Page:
Content farms and a ongoing democratization of journalism

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If we follow online sports during all, you’ve substantially come opposite during slightest one site or story from Bleacher Report, a large sports-writing network that was recently acquired by Turner Broadcasting for an estimated $200 million. Much of a calm that draws a 10 million singular visitors BR gets each month is generated by an army of about 6,000 dilettante (and in many cases unpaid) writers, and this has led to criticism that a network is a “content farm” that fills a internet with low-quality writing. But is that true? In a sense, it is — though it’s also a unequivocally genuine instance of how a internet has lowered a barriers to entrance and democratized journalism.

The latest conflict on Bleacher Report came final week in a prolonged SF Weekly article, that pronounced that a network “floods a web with inexpensive user-generated content” and is “a prolonged approach from any old-fashioned notions of journalism.” The story includes a series of examples of what it says is a kind of messy essay that comes from BR’s proffer contributors, and a author criticizes a network for focusing on inexpensive SEO (search engine optimization) tactics, such as “reverse-engineering calm to fit a pre-written headline” that is pressed with renouned keywords in sequence to attract clicks.

Unpaid writers “competing for practical crumbs?”

The SF Weekly square also spends a lot of time articulate about how a infancy of Bleacher Report’s trade is driven by delinquent writers — like a 19-year-old who admits to author Joe Eskenazi that even he doesn’t unequivocally buy a title on his post. The apparent import is that a network is zero though a calm plantation filled with day laborers who shake out posts to fill a quota, and are speedy by a “virtual badges” they acquire for posts rather than an tangible salary. As a square describes it: “Unable to acquire tangible crumbs, they contest for practical crumbs.”

Ryan Chittum during a Columbia Journalism Review characterizes a network in many a same approach in a post formed on a SF Weekly piece, saying Bleacher Report is intent in a “race to a bottom.” As he puts it:

“Bleacher Report is a arrange of Demand Media of sports, a calm plantation engineered to get hunt engine visits with lowest common denominator clickbait.”

These criticisms about Bleacher Report aren’t unequivocally a warn — after all, they have been finished about substantially each other digital-media entity from Demand Media and The Huffington Post to BuzzFeed: a thought that user-generated calm is usually a incorporate to readers in an try to accelerate SEO-driven metrics, and that it is an unconstrained rush towards a bottom with small or zero of tangible value to supplement to presumably media or journalism.

And as a SF Weekly story notes, even Bleacher Report insiders to some border concurred this: a repository quotes from a debate given by King Kaufman, who was hired final year by a network to ascent a editorial standards, in that he says that BR had gotten a repute for “lowest-common-denominator crap.” Of course, a essay also fails to discuss that Kaufman and his group have spent a substantial volume of effort on boosting a peculiarity of a network, to a indicate where it is indeed some-more difficult about things such as piracy than mainstream outlets like ESPN.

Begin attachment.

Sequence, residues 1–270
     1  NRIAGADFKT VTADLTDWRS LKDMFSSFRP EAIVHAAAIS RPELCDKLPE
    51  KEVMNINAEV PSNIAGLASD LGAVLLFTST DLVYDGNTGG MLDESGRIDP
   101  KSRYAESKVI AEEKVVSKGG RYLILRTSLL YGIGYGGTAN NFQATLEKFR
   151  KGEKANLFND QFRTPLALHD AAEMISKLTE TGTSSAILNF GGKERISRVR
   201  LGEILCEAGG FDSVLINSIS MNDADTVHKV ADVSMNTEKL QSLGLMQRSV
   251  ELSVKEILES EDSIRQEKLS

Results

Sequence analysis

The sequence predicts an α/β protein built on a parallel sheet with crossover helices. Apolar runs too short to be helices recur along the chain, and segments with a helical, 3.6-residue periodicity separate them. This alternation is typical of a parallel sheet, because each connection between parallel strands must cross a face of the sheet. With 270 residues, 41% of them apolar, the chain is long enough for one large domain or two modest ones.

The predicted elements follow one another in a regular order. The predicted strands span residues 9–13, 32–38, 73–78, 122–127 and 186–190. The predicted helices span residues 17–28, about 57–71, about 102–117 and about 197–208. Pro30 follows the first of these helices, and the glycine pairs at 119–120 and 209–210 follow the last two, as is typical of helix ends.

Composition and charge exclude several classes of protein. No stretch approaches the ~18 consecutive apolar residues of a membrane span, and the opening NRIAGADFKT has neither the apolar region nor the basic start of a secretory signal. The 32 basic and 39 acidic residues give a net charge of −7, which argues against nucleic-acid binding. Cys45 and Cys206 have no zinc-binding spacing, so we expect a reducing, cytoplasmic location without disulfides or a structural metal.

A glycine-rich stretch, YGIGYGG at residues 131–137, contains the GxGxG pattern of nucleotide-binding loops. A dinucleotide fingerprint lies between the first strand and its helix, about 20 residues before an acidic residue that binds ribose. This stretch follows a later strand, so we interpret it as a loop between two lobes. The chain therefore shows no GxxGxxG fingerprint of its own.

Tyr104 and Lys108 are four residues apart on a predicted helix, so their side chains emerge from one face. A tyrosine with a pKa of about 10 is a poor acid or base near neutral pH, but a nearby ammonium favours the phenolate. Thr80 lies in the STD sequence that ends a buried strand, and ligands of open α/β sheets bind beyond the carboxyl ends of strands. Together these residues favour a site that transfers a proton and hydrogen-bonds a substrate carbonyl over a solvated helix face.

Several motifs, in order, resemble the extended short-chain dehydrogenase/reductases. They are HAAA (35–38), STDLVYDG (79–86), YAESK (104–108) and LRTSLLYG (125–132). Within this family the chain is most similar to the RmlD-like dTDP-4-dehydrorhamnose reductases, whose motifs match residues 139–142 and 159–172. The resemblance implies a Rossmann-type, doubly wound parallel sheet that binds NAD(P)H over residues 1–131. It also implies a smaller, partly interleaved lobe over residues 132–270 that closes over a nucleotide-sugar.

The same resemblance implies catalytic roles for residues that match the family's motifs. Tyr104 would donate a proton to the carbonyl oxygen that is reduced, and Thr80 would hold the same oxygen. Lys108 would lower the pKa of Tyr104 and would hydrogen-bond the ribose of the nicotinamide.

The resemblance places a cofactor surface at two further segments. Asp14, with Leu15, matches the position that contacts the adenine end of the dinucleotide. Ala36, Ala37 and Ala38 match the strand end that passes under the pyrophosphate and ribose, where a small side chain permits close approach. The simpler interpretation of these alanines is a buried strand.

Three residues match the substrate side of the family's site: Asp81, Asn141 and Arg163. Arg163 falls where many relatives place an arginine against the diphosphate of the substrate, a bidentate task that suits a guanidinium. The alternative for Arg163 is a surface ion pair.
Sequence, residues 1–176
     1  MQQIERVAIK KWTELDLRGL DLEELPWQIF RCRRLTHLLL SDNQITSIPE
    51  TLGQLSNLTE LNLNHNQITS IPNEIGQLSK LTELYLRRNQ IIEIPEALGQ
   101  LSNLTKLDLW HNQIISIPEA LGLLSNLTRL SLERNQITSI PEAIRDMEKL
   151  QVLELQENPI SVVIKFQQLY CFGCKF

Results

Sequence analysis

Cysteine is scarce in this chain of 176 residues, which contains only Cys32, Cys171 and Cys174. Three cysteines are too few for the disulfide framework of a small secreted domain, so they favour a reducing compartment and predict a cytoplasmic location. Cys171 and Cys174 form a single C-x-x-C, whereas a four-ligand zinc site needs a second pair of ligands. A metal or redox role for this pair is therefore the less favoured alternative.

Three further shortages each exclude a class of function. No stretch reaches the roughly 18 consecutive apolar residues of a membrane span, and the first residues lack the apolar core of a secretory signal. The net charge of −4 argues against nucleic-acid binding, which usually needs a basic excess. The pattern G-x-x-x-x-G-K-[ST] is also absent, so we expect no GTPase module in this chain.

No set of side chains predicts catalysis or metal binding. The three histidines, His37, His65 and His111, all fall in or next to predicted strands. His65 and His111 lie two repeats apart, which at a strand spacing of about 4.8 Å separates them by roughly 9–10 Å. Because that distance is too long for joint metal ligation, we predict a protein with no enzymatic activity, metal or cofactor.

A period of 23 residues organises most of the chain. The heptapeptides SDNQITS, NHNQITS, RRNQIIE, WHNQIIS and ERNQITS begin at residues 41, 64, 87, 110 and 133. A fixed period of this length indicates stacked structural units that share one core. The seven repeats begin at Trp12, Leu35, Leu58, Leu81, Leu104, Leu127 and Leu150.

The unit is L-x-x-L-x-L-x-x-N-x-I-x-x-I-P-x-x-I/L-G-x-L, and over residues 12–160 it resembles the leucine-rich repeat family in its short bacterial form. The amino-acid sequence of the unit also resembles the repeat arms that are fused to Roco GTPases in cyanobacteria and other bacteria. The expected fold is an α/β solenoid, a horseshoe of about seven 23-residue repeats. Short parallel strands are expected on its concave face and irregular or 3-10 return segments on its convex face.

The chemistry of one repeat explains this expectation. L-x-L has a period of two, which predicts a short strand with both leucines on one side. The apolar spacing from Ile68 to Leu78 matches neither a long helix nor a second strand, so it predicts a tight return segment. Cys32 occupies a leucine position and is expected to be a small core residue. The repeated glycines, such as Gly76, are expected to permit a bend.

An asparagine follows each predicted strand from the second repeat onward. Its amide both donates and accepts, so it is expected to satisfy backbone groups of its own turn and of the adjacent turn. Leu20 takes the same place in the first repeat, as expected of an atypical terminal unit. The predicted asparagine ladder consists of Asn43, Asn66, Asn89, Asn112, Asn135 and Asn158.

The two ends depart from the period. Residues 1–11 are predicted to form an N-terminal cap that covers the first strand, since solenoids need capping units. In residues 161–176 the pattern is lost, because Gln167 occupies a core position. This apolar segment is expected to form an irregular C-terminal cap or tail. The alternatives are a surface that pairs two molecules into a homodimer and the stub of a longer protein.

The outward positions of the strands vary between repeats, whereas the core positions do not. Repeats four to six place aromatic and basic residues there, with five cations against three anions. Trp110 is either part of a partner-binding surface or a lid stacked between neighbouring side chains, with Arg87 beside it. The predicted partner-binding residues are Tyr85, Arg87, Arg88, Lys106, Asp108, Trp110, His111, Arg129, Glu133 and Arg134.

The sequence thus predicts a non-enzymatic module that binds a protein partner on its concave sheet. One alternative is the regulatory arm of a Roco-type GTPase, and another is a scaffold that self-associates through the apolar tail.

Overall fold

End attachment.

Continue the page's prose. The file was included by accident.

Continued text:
An swap track to a career in writing

Not usually after a SF Weekly essay appeared, someone else combined an engaging — and we consider critical — viewpoint to a picture: Matt Miller, a comparison author for Bleacher Report’s NFL unit, described how he went from being a would-be sports writer with no knowledge to a member of a comparison group during a network, formed usually on his contributions to a site. As he put it:

“Fast-forward to today. I’m no longer in marketing, we now work full-time for Bleacher Report as an NFL Lead Writer. we have advantages and vacation time. we have a salary. we have these things since we was means to work my approach to a tip during B/R. we wasn’t handed a pursuit formed on my résumé.”

This is partial of a problem with a normal media response to “content farms” or user-generated media sites like Huffington Post and Bleacher Report — a clarity that they can’t presumably be as inestimable as a unchanging calm operation since people are essay for free, and therefore the usually probable value has to be a origination of low-quality calm for inexpensive trade purposes. But what about a writers? Why do they do it? And isn’t there value there as well?

Miller’s comment creates it transparent that there is value: distinct a aged days of normal media, where writers had to grind for years in dead-end jobs with newspapers or magazines or trade publications before some of them could be “discovered” and towering to a aloft ranks of a profession, sites and networks like Bleacher Report, Huffington Post and BuzzFeed give anyone a ability to arise to whatever turn their essay ability justifies.

Is a calm constructed by places like Bleacher Report a homogeneous of a mainstream opening like ESPN or a New Yorker? In many cases, no — though does that meant it is of no value? Of march not. Readers seem to like it, and who are we to contend they are wrong? Not usually that, though Miller creates a indicate that he and many other writers see a lot of value in what they have done, even if that value isn’t famous by members of a mainstream media, since it allows them to bypass a normal barriers that used to confine journalism. And isn’t that eventually a good thing?

Post and thumbnail images courtesy of Flickr users D. Miller and Yan-Arief Purwanto